Environmental concerns have been known to halt or severely delay many construction projects in recent years. Any construction activities, including demolition, excavation, and material transfer, can have an enormous impact on the local environment. This is especially dangerous when factors such as fugitive dust and vehicle emissions infiltrate into existing buildings such as hospitals or long-term care facilities where the well-being of patients or residents may already be compromised.

The greatest dust emissions are typically from truck traffic on job sites. Heavy trucks will lift the dust from the roadway, and this airborne dust will reduce both building and external air quality, foul filters, and reduce visibility. Vehicle emissions also cause these problems, in addition to creating a unhealthful odor. A dust and emissions management plan is essential for reducing this impact.

Another factor that creates an environmental impact on construction sites is noise disruption. While noise is mostly considered a minor nuisance, in some cases higher ambient noise levels have been linked to slower patient recovery time in hospitals, and the disruption of courthouse operations. ASHRAE, or the American Society of Heating, Refrigerating and Air-Conditioning Engineers, provides recommended design guidelines for background noise in different classifications of spaces. The following modification strategies can potentially reduce noise impacts:

  • Schedule noise-insensitive work for the lease noise-sensitive time of the day
  • Increase the separation distance between noisy equipment and noise-sensitive locations
  • Install noise barriers around active areas to screen and protect noise sensitive areas
  • Require all vehicle engines to have working mufflers.

The construction industry is becoming subject to greater environmental liability exposures and related financial losses as federal and state regulators have implemented more strict environmental laws.  It’s therefore very important to have an appropriate Construction Insurance policy in place. This type of insurance in addition to Environmental Liability should be an integral part of any construction firm’s insurance portfolio.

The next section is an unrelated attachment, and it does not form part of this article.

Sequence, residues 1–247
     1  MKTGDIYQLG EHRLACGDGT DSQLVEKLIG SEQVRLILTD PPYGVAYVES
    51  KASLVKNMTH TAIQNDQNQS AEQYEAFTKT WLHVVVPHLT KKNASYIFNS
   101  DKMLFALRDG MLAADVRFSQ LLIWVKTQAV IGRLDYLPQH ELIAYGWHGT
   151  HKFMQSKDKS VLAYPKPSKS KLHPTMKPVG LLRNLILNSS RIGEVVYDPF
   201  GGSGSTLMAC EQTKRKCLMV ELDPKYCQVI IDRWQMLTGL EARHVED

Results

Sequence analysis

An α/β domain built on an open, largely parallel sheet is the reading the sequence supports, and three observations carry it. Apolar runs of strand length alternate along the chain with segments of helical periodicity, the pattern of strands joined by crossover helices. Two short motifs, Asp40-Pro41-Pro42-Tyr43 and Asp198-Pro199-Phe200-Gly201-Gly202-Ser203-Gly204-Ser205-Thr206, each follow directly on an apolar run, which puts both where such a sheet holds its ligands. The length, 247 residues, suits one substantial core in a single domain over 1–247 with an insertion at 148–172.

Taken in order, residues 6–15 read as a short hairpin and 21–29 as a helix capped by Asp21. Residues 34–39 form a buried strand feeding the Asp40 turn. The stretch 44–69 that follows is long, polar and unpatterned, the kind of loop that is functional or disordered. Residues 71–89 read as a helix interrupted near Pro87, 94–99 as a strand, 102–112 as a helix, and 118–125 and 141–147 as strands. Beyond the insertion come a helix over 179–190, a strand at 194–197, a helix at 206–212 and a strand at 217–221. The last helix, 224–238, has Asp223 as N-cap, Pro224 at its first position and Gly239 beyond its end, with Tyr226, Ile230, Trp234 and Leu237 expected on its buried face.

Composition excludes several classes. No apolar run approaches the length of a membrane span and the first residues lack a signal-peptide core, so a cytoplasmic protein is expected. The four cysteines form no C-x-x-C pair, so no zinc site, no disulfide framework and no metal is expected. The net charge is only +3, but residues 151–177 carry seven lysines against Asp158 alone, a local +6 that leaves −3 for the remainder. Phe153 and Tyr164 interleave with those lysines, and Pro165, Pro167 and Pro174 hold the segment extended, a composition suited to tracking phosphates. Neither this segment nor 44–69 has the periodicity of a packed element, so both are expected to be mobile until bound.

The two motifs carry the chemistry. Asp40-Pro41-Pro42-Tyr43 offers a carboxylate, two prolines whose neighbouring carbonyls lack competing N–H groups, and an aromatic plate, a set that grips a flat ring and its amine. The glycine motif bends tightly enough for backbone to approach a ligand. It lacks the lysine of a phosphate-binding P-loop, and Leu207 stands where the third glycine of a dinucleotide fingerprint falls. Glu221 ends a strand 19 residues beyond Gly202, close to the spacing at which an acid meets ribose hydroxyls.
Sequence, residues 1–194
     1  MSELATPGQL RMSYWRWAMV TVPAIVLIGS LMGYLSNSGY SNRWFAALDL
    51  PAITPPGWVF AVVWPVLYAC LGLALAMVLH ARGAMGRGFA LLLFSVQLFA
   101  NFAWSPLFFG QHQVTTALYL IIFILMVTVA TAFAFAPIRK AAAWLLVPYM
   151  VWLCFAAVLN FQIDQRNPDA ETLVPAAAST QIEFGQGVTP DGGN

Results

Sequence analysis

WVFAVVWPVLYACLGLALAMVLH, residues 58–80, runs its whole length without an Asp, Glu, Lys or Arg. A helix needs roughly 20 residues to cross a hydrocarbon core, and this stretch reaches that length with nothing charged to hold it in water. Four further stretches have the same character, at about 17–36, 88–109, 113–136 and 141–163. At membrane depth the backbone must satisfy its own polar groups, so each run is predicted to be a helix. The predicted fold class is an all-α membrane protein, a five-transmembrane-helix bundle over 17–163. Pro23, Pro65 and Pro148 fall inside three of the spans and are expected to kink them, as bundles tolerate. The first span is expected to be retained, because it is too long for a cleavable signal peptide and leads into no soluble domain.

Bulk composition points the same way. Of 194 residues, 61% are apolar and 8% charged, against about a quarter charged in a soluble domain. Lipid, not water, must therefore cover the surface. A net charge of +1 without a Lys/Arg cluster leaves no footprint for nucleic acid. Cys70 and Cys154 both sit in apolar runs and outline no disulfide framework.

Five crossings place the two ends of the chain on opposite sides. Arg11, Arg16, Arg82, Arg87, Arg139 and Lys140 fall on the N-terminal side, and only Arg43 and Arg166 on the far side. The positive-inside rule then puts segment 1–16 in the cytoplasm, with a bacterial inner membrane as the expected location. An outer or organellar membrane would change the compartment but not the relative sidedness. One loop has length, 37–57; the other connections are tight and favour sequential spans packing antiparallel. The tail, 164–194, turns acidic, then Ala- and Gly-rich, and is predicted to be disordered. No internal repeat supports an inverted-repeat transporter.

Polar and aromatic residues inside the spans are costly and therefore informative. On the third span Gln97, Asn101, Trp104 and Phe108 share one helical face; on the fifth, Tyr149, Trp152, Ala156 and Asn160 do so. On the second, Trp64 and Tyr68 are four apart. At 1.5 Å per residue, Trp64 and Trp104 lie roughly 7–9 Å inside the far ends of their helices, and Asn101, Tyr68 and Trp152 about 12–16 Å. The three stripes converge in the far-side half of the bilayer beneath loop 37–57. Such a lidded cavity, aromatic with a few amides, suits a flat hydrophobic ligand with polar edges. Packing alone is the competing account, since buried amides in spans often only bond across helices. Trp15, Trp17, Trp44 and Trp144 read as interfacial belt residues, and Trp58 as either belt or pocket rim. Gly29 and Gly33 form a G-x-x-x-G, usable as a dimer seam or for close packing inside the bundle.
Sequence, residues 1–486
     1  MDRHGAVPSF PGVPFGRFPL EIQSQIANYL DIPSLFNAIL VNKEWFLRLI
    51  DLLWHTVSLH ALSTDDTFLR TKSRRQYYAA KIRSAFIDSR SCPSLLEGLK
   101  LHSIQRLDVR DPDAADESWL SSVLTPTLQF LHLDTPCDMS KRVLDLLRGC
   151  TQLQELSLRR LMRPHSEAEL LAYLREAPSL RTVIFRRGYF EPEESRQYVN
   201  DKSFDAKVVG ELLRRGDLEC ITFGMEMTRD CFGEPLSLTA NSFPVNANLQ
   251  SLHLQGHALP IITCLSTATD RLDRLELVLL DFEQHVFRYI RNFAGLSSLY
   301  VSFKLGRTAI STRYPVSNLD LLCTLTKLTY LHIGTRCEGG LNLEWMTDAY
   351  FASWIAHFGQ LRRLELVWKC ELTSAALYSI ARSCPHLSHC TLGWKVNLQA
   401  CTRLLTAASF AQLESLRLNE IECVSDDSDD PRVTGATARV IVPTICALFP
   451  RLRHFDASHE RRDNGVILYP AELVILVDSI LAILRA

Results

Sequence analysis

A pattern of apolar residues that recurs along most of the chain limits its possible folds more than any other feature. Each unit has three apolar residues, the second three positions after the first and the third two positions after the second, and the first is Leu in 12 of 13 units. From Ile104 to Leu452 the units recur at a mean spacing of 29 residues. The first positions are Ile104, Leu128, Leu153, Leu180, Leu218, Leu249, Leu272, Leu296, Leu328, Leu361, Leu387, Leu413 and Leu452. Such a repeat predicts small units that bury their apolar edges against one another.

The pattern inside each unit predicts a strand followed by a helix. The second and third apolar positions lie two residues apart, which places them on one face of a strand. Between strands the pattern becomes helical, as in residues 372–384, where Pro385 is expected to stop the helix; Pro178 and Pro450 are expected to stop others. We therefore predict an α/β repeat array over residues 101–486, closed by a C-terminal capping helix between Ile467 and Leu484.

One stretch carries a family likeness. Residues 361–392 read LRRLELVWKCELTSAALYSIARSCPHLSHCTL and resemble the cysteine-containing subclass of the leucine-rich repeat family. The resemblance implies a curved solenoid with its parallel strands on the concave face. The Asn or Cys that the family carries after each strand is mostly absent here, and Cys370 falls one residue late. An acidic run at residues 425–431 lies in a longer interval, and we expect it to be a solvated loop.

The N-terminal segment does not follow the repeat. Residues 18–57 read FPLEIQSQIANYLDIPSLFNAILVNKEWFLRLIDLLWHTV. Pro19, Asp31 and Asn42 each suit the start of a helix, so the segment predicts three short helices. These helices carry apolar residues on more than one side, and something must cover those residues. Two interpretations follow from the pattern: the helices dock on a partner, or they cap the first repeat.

At Sinclair Risk & Financial Management, we fully understand the diversity of the construction industry. Our approach in combining uncommon risk analysis and strategic Risk Management with Human Resources Consulting and training is designed to reduce your construction operation’s exposures and premium costs while delivering measurable, sustainable results. Please contact us today for more information at (877) 602-2305.

MA Safety Training: How to Maintain a Safe Workplace

Safety Training MA: How to Maintain a Safe WorkplaceMA Safety Training: How to Maintain a Safe Workplace

Safety within the workplace should be a top priority for your company, no matter what type of business you own or run. Workplace accidents could be physically and emotionally damaging to your workers and their families, not to mention they can cost you significant money and time. You could potentially be held liable for substantial penalties that could wipe out your business’s cash flow.

Maintaining basic workplace safety includes making sure your building or area of work adheres to handicap accessible laws, installing adequate lighting by all entrances and parking lots, and keeping walkways at your building’s entrance are free of debris such as snow, ice, or foliage.

Here are a few more basic ways to maintain a safe workplace:

  • Write a fire safety plan and draw a map showing escape routes
  • Remove flammable trash on a daily basis.
  • Keep equipment rooms, mechanical rooms, and electrical rooms free of paper, wood, or rags.
  • Store items on shelves at least 2 feet below the ceiling to allow firefighter access.
  • Keep all exit doors unlocked and free of obstructions or debris.
  • Check all electrical cords on appliances and machinery for damage.
  • Keep a fire extinguisher in a visible location.
  • Use power strips with circuit breakers instead of extension cords if an appliance is permanently plugged into a socket.
  • Require employees to wear protective equipment necessary to do their jobs safely.
  • If your employees need to handle hazardous materials, require them to read Material Safety Data Sheets for any chemicals being used, even if it is for cleaning purposes.

Safety training, or loss control, can help you look at your company’s safety risks beyond the above mentioned factors. For example, one of Sinclair’s training programs is OSHA (Occupational Safety and Health Administration) training for supervisors. All employers, whether they have one employee or 1,000, are subject to federal OSHA requirements. Under OSHA, you have a general duty to maintain a safe workplace for your employees, which covers all situations for which there are published standards.